Blinding road users will be the result of the following factors:
- Total light output
- Mirror design (how is the light shaped)
- How you aimed your light
Most trail lights (and high output battery powered lights) use a mirror that casts the light in a symmetrical shape. This means light is cast up, down, left and right. Light cast above the horizon is what binds other road users. Light above the horizon is however great for trail riding as it lets you see overhanging branches and other impediments.
Car running lights (i.e. not high beams) are designed with a horizontal cut-off, where light does not shine above the horizon (actually a low percentage does, this called spill light). If the car light is aimed correctly, the the horizontal cut-off falls below oncoming road users line of vision. This is why you are typically not horribly blinded by oncoming cars, if they are a) using their running lights and b) have their lights aimed correctly. High beams do not have a horizontal cut-off, which is the primary reason you get blinded so badly.
Some bike lights (those that are approved for German roads) will have a mirror that has this sharp horizontal cut-off. They usually will usually be indicated by the some statement on StVZO compliance. Most dynamo lights (e.g., B & M, Schmidt, etc) will have this mirror design. There are also a few battery powered lights (e.g., some B & M models), but they are few and far between.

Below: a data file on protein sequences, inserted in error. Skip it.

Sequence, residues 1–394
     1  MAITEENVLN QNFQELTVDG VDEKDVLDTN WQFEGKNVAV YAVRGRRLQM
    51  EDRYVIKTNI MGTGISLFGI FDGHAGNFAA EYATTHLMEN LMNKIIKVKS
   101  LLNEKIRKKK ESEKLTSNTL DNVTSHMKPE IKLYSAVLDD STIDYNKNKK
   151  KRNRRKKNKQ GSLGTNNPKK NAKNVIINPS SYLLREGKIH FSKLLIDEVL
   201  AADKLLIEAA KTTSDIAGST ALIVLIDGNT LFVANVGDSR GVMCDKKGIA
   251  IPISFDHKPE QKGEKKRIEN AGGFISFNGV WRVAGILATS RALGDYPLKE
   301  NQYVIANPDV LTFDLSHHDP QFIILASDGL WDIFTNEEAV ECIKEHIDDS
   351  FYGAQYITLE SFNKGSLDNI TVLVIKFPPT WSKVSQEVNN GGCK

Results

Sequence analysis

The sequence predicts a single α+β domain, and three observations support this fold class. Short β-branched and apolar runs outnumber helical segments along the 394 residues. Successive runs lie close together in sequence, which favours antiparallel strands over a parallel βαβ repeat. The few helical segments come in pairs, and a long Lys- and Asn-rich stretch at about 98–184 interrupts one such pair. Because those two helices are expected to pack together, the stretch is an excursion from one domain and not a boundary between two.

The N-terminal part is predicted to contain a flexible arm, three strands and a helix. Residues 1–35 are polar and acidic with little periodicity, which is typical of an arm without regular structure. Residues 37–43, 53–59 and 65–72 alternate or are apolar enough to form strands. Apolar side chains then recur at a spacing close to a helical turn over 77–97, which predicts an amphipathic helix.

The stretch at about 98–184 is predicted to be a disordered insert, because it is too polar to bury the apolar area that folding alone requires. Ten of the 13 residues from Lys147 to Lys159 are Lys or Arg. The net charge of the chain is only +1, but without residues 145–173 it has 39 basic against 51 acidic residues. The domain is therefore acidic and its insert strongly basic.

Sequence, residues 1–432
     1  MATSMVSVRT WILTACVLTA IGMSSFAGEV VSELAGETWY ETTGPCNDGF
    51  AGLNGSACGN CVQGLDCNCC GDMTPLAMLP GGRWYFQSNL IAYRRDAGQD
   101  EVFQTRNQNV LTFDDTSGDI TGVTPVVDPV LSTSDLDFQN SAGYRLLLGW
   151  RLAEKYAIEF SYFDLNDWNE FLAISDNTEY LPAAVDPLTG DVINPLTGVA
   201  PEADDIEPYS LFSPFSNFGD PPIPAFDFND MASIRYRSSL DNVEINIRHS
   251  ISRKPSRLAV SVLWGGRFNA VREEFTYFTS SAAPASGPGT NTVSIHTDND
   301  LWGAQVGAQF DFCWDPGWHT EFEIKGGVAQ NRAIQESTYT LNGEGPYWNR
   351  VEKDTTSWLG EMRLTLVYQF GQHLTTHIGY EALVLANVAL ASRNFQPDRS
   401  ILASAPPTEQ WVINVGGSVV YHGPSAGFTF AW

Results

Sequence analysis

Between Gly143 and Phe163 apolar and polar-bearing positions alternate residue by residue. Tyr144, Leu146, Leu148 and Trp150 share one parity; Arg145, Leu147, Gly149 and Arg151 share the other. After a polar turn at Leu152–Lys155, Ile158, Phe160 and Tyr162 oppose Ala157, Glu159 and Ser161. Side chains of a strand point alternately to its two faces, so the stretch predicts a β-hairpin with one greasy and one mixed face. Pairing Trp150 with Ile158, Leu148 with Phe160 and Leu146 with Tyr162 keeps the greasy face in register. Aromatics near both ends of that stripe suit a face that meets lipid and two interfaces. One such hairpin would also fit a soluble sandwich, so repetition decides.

If you have a light with a symmetrical beam, you can lessen the blinding effect by pointing the light down (as suggested in @Batman's answer), however due to the symmetrical nature of the beam you will still blind road users more than if you had a light with a horizontal cutoff and was aimed correctly as there will still be more spill light above the horizon. This effect is also confounded by how narrowly or wide the symmetrical beam is focused. Wide flood lights will almost always blind, despite how much you aim them down, spot lights will blind less when pointed down.
Finally, total output does have some impact too, but it is also confounded with mirror design (e.g., high output with a horizontal cut-off may blind less than a low output symmetrical beam). What really determines whether or not you blind other users is the total amount of light shining above the horizon at their eyes.
In your case your 750 lumen lights are likely trail lights with a wide symmetrical beam. If you run them at full output you will likely blind others unless you severely aim it downwards.